If you love How about orange… as much as we do then you’ve probably already seen this awesome/fast/fabulous project. Well, I tried some last night and making these bows is totally addictive! Unfortunately I have a weird thing about cutting pages out of magazines so the only one I was willing to sacrifice was Glamour.
Just a tip: If you make a bow out of an ad for Brit’s new fragrance Circus Fantasythen your bow will smell like Circus Fantasy and that’s no good unless, of course, the gift is a bottle of Circus Fantasy in which case it’s perfect.
This would be a great gift for a new mom. You could include a mug, a box of tea, a book, and a small journal and pen. This particular tray however, is going to make it’s home on my kitchen island ensuring that the giant pile of mail doesn’t slide off of the counter into the 2 day old glob of pureed carrots on the floor.
This is a quick project and its totally customizable! Have fun!
DIY after the jump… What you need: unfinished wooden tray (Michael’s $3.99) Wood friendly paint decorative paper (this was from Paper Source, they have lots of beauties.) Mod Podge paintbrush x-acto, cutting mat & ruler
1. Paint your wooden tray your desired color, you can leave the inside (and the bottom, if you wish) unpainted. You will likely need 2 coats. Let dry.
2. Measure the inside of your tray. I did this by laying my decorative paper in the tray and pressing the paper into the opposite corner with my fingernail to make a crease. Very technical stuff.
3. Trim paper to size. As you can see here, my paper wasn’t quite wide enough so I used the piece that I trimmed from the bottom and added it to the width. It was still 1/4″ shy which is why I also added the 2 strips of lime paper.
4. Remove paper from tray and apply a coat of Mod Podge to the inside bottom of your tray. Make sure that the surface is entirely & evenly covered and work quickly.
5. Starting from one side, lay your paper in the tray, pressing and smoothing as you go.
6. Apply a second layer of Mod Podge over the paper.
7. You can stop here or you can add some fun elements. A cut out initial, photos, more pretty paper, or even fabric scraps! Just a note, most home printers have water soluble ink that will run, please test images first. Anything professionally printed, magazines etc. should be fine.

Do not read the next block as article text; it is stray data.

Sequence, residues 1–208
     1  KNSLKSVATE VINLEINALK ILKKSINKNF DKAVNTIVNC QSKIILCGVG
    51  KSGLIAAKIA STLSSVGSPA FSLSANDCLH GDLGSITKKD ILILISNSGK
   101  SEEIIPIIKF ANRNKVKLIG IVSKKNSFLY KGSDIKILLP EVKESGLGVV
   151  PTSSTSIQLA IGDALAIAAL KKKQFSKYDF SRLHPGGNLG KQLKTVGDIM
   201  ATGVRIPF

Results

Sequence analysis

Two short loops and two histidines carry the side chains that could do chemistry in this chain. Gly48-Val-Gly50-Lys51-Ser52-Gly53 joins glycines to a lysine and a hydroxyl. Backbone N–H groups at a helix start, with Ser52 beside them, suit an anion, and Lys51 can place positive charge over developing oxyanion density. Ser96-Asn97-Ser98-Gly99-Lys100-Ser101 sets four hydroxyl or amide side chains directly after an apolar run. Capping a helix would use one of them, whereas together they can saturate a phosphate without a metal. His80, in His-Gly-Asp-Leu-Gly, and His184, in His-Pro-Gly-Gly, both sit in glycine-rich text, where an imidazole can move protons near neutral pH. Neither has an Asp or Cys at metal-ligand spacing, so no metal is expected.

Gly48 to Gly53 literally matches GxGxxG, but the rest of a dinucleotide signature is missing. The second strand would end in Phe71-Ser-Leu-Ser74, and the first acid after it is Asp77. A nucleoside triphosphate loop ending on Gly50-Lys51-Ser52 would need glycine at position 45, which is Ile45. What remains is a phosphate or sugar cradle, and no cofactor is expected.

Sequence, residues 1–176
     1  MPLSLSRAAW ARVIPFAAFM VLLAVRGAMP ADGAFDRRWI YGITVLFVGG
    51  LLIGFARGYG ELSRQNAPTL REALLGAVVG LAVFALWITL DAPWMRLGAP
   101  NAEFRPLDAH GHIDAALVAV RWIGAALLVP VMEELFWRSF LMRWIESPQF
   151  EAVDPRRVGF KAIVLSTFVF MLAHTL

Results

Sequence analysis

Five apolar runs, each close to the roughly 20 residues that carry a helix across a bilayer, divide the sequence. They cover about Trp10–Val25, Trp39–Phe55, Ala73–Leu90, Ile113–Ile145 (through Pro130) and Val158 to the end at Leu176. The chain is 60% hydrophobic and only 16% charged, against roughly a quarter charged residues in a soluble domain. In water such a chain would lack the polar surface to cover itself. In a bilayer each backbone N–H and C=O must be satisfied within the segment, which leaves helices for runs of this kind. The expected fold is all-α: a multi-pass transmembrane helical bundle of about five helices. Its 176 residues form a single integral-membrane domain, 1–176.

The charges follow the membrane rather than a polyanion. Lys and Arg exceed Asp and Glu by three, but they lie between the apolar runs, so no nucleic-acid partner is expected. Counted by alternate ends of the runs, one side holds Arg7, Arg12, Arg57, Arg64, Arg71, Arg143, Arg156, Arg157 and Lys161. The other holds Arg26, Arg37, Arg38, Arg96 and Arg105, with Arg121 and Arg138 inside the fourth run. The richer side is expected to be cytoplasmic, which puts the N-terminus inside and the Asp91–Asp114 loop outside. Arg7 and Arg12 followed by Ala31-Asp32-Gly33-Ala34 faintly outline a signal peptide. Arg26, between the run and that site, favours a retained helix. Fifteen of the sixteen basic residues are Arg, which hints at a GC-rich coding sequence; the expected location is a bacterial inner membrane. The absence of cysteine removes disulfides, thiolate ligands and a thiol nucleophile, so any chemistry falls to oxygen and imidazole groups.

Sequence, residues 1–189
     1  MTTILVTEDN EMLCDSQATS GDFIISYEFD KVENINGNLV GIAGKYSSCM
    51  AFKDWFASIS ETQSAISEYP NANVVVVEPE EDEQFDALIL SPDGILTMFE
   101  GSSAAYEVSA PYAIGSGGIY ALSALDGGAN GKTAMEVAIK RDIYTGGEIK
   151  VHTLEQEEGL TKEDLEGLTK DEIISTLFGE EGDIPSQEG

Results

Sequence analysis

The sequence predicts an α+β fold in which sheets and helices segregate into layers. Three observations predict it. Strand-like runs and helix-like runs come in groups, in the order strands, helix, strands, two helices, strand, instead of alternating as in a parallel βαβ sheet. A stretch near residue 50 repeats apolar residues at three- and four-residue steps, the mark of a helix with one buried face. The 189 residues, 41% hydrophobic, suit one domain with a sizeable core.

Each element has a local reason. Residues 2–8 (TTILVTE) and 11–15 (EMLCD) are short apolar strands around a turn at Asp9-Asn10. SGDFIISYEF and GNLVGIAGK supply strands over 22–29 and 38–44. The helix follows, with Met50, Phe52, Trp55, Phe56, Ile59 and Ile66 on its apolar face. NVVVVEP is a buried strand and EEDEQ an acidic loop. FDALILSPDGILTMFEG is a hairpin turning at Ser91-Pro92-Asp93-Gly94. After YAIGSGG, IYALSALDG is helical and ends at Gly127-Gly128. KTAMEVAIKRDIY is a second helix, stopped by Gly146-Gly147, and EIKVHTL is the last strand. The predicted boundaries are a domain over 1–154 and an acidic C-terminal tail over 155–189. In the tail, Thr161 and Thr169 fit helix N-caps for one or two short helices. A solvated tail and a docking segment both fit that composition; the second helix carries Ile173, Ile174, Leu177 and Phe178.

8. When you’re finished apply a final layer (or two) of Mod Podge to seal.
9. You may still have a few air bubbles, you can try to smooth these out but don’t worry, when it dries you will hardly notice them, especially if your paper has a pattern.
I had so much fun making this that I immediately bought more trays for other rooms. A nursing station for Quinn’s room, A book tray for Clare’s ottomen, and just something pretty for entertaining! If you would rather purchase a tray, I am partial to thesecustom beauties. Aren’t they gorgeous? I’ll have more trays to show you next week because seriously, I’m hooked on this fun project. If you make one too, send us pics!
A luxurious hooded baby towel is a great gift for an expecting or new mom. It’s big bang for your buck. Be sure to coordinate your towel to the nursery or family bathroom. If you’re feeling extra ambitious, present the gift in one of Jaime’s drawstring bags made from your accent fabric. DIY after the jump… What you need: A bath towel (approx 30″x54″) A hand towel (approx 16″x27″) (not face cloth) Accent fabric, an approximately 3.5″ x 18″ strip Coordinating thread Head pins Sewing Machine Iron
1. Wash and dry towels and accent fabric 2. Iron accent fabric 3. Fold, pin and iron a 1/2 inch seam allowance on both long sides of your accent fabric for a finished width of 2.5″
Tip: pinning through the outside of the fabric rather than the inside, shown incorrectly here, will ensure that you do not sew pins into your piece. Good to know.
4. Cut the edges off of your hand towel to 17″ length
5. Fold the hand towel the long way and position accent fabric strip evenly 1″ from the fold, pin in place through top layer of towel only
6. Unfold towel and sew trim to towel with 1/4″ seam along both lengths
7. Fold towel so that accent trim is folded in half on the inside as shown and sew down left and right side at inside edge of original towel seam
8. Invert piece to look like this…
9. Invert top left point into top right point to look like this…
10. Open piece to look like this (it’s the hood!)…
11. Fold Bath towel in half and place a pin at center edge. 12 Align top center edge of Bath Towel with back center seam of hood and pin an inside seam along entire back edge of hood (be sure to pin the vertical seam of hood open)